Proinflammatory cytokine activation of the NF- pathway is generally accompanied by a transient decrease in - in the cytosol and an increase in NF- p65 in the nucleus. After SW1353 cells were stimulated with IL-1β for 30 min, total cytosolic and nuclear proteins were extracted using a specific kit (Solarbio Life Sciences, China). The results showed that in IL-1β-stimulated SW1353 cells, NF- p65 was increased in the nucleus and - was decreased in the cytosol compared with those of untreated cells ( < 0.05), indicating that the NF- pathway was activated. We found that pretreatment with TFRD prevented these changes to some extent ( < 0.05, Figure 13). In further study, immunofluorescence was used to examine the shuttle of NF- p65 between cytoplasm and nucleus. The results showed that NF- p65 was significantly transferred to the nucleus after the stimulation of IL-1β, and TFRD pretreatment can prevent this change to some extent (Figure 14).

4. Discussion

In this study, the chondroprotective effect of TFRD on articular cartilage in a rat model of OA was investigated. We also investigated whether TFRD could restore the balance of MMPs/TIMPs in SW1353 cells induced by proinflammatory factors IL-1β in vitro and verified these effects on related pathways.

ECM degradation is a critical process that leads to the occurrence and development of OA [19]. MMPs, especially MMP-1, MMP-3, and MMP-13, exert enormous effects on the degradation of cartilage ECM. MMP-1 and MMP-13 are closely related to cartilage collagen dissolution, which is a key protein hydrolysis event in joint diseases that is essentially irreversible [20]. MMP-3 can activate other MMPs through the proteolysis of pro-MMPs in the extracellular space [21]. TIMPs, including TIMP-1, TIMP-2, TIMP-3, and TIMP-4, are inhibitors of MMPs, and the balance between MMPs and TIMPs is critical in normal cartilage [22]. The reduction of TIMPs can increase the activity of MMPs and accelerate the degradation of ECM [23]. MMPs/TIMP balance can be disrupted by the inflammatory factor in cartilage tissue and ultimately lead to OA [24]. TIMP-1 and TIMP-4 were found to have decreased expression in OA chondrocytes and be involved in the MMPs/TIMP balance of cartilage [25]. Animal experiments have shown that TFRD can alleviate the pathological changes in knee cartilage in OA model rats. Further experiments indicated that in cartilage, MMP-1, MMP-3, and MMP-13 mRNA levels were decreased, whereas TIMP-4 was increased. In vitro experiments showed that IL-1β could significantly increase both the mRNA and protein levels of MMP-1, MMP-3, and MMP-13 in SW1353 cells, which was similar to the results of previous studies [26, 27]. IL-1β binds to receptors on the cell membrane and activates relevant pathways, acting to proinflammatory response rapidly. However, most drugs could exert effects only after being absorbed into cells, so in this experiment, SW1353 cells were pretreated with TFRD for 1 h. The results suggest that TFRD pretreatment dose-dependently inhibited MMP-3 and MMP-13 levels while increasing TIMP-4 levels in IL-1β-induced SW1353 cells.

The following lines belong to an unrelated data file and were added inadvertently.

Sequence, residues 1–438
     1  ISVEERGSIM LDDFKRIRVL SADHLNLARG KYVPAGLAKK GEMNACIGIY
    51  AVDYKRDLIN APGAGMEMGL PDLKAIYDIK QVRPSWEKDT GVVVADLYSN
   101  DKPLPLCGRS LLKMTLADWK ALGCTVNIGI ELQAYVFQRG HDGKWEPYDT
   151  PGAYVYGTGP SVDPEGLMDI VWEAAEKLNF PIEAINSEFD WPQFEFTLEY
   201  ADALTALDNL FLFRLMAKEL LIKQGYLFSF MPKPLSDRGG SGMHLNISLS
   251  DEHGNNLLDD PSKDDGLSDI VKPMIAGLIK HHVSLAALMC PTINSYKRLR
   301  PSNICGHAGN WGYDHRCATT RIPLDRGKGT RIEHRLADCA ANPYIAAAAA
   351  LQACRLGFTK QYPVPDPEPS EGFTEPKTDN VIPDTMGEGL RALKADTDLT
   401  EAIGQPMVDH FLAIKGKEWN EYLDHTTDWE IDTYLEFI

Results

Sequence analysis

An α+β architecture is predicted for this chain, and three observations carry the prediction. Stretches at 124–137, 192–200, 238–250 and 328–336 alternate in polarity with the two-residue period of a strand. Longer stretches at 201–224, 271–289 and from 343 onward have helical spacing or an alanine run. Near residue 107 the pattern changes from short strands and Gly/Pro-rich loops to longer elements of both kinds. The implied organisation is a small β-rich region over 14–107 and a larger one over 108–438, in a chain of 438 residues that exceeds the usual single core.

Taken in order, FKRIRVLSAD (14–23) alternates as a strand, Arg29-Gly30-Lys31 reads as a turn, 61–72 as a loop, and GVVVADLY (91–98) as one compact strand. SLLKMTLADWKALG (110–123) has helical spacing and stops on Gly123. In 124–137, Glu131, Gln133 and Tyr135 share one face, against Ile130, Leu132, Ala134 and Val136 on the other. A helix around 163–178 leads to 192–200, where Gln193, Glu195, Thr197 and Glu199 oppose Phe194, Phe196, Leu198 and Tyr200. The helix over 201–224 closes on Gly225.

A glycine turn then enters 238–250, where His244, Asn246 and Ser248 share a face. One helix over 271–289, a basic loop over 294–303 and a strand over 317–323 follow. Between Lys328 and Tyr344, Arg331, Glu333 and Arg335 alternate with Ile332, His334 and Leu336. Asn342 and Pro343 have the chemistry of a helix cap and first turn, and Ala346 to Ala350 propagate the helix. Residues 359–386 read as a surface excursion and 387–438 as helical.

NF- is a crucial transcription factor that controls many inflammatory changes [28]. Studies have shown that the development of OA is accompanied by NF- pathway activation [29, 30]. In the quiescent state, NF- exists in a nonactivated state in the cytoplasm after binding to [31]. When cells are stimulated by various factors, such as IL-1β and TNF-, the resulting signaling cascade rapidly activates the phosphorylation of kinase in the cytoplasm, which ultimately results in the ubiquitination and subsequent degradation of [32]. Degradation of the inhibitory factor leads to the activation of NF-, which translocates to the nucleus to promote target gene expression. This process ultimately leads to the activation of MMPs, which are considered potential targets for OA therapy [29]. As a classic signaling pathway, PI3K/AKT is involved in numerous pathological processes, such as metastasis and proliferation of tumor cells and the development of insulin resistance [33, 34]. Additionally, the PI3K/AKT signaling pathway is important in inflammation by promoting the expression of many inflammatory products [35]. After stimulation by inflammatory factors, PI3K is activated through a conformational change, which leads to AKT phosphorylation and promotes the overexpression of MMPs [36].